So, has eminent journalist Christopher Caldwell, after a bracing period of independence, backslid into the obsessions of the neocons?
Readers will remember that Caldwell, long associated with the neocon journal The Weekly Standard, last year roused himself to a break with his genocidally anti-Russian masters at that magazine. He went so far as insist, in so many words, that the peace-loving Great Russian people have the right to exist.
For such a right the Great Russians indeed have; and more, they have a right to live unharassed in the lands that God and History have bequeathed them, including Crimea and Little Russia (the soi disant “Ukraine”). Those are—should be—integral parts of the Great Russian body politic, parts that were tragically sundered from its holy unity at various times in history by the wiles of Western imperialism, and by the homo-imperialist sword.
Well, Caldwell’s bravery—his moral clarity, to use a word much loved by Jewish and other warmonger journalists during the run-up to the Iraq war—didn’t last long, at least according to Brother Aiden, my partner at our Benedict Option homestead here in Indiana. Recently Aiden shuffled into my workroom, brandishing a copy of a speech that Caldwell made this winter. Aiden had underlined this passage, and he read it aloud to me now: “According to the official United States account, Russia invaded its neighbor after a glorious revolution threw out a plutocracy. Russia then annexed Ukrainian naval bases in the Crimea. According to the Russian view, Ukraine’s democratically elected government was overthrown by an armed uprising backed by the United States.”
A couple sentences later, Caldwell adds the pay-off: “Both of these accounts are perfectly correct.”
When Aiden came in, I was mending the block that pivots the harrow, in preparation for Mother’s fieldwork the next morning, when the sun would first rise over the new rye. A farm wife rises even earlier than usual in summer; it must be so, because there’s so much to be done. But Mother consoles herself with the sanctity of her labor; like the redeemed hero, Nekhlyudov, of Tolstoy’s Resurrection, she rises with alacrity to the good work of God’s day.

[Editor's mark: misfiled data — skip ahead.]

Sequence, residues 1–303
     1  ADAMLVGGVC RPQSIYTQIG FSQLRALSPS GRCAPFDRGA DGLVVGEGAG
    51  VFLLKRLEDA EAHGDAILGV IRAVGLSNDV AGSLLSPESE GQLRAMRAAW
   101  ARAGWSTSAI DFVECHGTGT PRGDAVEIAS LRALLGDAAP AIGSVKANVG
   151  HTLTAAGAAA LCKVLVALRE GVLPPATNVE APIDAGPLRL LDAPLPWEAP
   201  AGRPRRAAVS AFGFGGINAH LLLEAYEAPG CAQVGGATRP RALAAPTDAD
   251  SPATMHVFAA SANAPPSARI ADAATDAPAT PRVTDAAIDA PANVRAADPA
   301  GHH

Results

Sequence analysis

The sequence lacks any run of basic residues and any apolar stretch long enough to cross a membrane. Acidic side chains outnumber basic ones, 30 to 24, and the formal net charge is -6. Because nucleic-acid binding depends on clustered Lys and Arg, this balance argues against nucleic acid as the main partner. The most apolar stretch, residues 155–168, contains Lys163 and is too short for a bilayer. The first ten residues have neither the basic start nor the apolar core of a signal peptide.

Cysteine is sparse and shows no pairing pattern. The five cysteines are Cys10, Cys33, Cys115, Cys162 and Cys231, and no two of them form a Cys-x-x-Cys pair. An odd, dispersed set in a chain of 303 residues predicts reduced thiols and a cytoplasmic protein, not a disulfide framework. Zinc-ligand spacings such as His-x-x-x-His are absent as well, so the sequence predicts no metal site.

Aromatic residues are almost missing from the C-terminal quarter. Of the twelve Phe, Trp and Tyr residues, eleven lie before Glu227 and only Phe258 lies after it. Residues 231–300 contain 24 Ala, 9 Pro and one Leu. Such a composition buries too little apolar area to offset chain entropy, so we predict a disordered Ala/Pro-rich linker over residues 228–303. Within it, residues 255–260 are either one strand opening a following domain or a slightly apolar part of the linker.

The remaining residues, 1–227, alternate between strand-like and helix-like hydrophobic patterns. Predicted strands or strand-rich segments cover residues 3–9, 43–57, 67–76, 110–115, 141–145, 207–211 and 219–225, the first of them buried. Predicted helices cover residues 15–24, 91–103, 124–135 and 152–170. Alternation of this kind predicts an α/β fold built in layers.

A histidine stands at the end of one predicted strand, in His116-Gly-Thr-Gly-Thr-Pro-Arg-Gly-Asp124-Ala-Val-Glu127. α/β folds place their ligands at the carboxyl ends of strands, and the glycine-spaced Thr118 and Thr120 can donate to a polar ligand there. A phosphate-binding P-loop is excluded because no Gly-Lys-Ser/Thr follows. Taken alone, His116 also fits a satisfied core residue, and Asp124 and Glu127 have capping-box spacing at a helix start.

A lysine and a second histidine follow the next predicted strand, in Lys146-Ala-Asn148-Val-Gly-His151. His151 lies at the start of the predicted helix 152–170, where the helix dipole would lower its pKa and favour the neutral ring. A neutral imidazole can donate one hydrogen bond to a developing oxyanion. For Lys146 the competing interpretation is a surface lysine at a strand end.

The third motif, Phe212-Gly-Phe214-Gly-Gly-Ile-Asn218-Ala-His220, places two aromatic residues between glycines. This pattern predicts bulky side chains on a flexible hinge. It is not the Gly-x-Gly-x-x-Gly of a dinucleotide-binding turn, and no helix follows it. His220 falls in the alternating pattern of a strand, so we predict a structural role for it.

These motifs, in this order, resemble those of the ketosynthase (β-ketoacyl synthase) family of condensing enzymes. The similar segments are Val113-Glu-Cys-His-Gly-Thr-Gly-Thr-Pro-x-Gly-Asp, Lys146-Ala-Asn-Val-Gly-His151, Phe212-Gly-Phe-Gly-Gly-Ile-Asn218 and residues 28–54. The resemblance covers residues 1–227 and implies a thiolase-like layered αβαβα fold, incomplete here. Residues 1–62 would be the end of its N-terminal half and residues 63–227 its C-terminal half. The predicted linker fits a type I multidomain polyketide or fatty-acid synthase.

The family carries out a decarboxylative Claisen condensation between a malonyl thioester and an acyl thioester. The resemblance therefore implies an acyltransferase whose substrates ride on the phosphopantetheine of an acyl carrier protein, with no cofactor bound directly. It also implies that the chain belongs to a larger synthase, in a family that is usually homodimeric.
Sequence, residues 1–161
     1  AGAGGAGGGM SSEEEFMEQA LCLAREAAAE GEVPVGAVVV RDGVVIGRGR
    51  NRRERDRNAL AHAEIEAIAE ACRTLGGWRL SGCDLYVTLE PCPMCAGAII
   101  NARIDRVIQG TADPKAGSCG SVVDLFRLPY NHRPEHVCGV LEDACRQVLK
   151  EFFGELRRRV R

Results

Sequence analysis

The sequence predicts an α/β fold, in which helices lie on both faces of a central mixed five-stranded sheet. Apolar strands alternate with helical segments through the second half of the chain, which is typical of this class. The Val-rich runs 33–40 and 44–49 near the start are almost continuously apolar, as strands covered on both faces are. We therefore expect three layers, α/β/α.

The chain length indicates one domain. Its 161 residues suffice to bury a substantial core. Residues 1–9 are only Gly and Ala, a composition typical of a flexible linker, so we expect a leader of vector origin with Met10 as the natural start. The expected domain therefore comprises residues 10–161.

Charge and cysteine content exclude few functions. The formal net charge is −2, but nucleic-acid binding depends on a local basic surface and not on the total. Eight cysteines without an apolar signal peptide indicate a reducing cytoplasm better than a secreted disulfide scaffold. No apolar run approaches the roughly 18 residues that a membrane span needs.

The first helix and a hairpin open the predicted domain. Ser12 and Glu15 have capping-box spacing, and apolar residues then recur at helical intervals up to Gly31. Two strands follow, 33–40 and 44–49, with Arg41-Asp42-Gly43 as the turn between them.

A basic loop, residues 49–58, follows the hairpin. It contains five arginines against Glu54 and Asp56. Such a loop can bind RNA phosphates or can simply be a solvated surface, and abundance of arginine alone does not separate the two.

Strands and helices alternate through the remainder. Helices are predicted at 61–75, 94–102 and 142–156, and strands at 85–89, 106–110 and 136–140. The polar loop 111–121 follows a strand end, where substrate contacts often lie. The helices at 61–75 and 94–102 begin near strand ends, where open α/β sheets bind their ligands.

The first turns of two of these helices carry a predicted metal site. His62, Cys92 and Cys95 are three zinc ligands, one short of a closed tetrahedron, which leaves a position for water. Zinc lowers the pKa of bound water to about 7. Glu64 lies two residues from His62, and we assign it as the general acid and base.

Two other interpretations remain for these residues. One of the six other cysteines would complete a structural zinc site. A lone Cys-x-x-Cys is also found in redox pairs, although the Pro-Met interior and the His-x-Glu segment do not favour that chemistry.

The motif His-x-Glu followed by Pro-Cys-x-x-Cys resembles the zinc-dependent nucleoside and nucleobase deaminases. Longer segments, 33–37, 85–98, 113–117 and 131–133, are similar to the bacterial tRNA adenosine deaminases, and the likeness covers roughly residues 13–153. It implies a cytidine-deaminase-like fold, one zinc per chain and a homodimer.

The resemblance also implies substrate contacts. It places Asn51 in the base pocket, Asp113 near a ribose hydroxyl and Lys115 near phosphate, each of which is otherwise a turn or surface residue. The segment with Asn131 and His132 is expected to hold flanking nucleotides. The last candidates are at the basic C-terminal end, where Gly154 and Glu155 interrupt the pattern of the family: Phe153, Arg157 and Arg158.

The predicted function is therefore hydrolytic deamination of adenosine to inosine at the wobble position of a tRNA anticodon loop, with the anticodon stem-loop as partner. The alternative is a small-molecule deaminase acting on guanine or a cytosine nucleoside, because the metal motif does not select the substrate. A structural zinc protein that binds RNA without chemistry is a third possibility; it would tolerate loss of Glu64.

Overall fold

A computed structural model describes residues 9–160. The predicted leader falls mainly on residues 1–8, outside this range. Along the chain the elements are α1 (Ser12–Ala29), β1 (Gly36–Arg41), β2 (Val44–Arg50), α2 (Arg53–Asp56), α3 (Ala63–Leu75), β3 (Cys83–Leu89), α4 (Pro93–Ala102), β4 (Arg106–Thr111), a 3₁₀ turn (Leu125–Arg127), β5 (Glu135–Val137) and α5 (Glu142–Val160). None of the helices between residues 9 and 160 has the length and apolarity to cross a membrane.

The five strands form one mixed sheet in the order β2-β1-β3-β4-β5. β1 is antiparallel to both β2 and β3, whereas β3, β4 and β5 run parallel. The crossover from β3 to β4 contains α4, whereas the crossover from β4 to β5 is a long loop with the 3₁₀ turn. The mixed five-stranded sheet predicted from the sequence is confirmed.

“It’s not true,” Aiden keened, rocking back and forth on his sandal, fingering his sparse beard. “Both those accounts aren’t perfectly correct. There was no ‘glorious revolution.’ The Ukrainian—the Little Russian—side is wrong, John.” He started to stutter, as he tends to when worked up. “There can’t be two truths, John. There can be only the one truth. The revealed Truth. God’s truth.”
Overwhelmed by a sudden melancholy, I bade Aiden leave, and returned to my work.
Melancholy, not anger.
I find it hard to rage at Caldwell for this apparent moral equivalence between the clean Truth of the Russians and the propaganda of the Kiev Junta.
First, it might have been much worse. Caldwell calls the Yanukovych government that the Soros-funded Kiev fascists overthrew a “plutocracy.” That’s false. Yanukovych is an honest son of the Ukrainian working class, which to this day lends him their firm support.
But it’s also mild given the other epithets that the neocons, the Americanist jingoes, the anti-Russian fanatics, the Zionists, and the Ukrainian Diaspora Nazis have thrown at the Yanukovych government in the past. Had Caldwell truly embraced the Kiev Junta’s lies, he wouldn’t have stopped with “plutocracy.” He would have repeated the insane lies that the anti-Yanukovych forces, both in the West and in Little Russia, have motivated over the years.
He would have mentioned, for instance, the non-existent “political murders” which the fascists falsely accused Yanukovych of committing. He would have bleated about the endless smaller-scale “violence” of the Yanukovych government, repeating the Soros fascists’ tall tales about the brutalization of innocent protestors, some of them girls. He would have squealed out the usual falsehoods about how the Yanukovych government was horrifying even by Ukrainian and post-Soviet standards.
That he didn’t is proof of Caldwell’s essential wisdom and goodness, and that he is not as far gone as Aiden feared.
But my calm is also the result of the fact that I’m becoming, after great effort, a better Christian. Not only in the sense that I no longer invariably confront injustice by flaring up into a prideful anger, but also in the sense that I am more comfortable with the ambiguity of the sort that Caldwell trafficks in here.
Indeed, a comfort with ambiguity is one of the traits that Russian Orthodoxy instills in its faithful. Sacramental to its core, the faith demands not just an intellectual interest in, but also a visceral imaginative confrontation with, that founding ambiguity of the Christian tradition: the Word made flesh, the Godhead become man—O most precious man!—so that he could suffer, and die.
Whatever Caldwell’s small trespasses against the Truth may be, I must forgive them, just as I hope God will forgive me.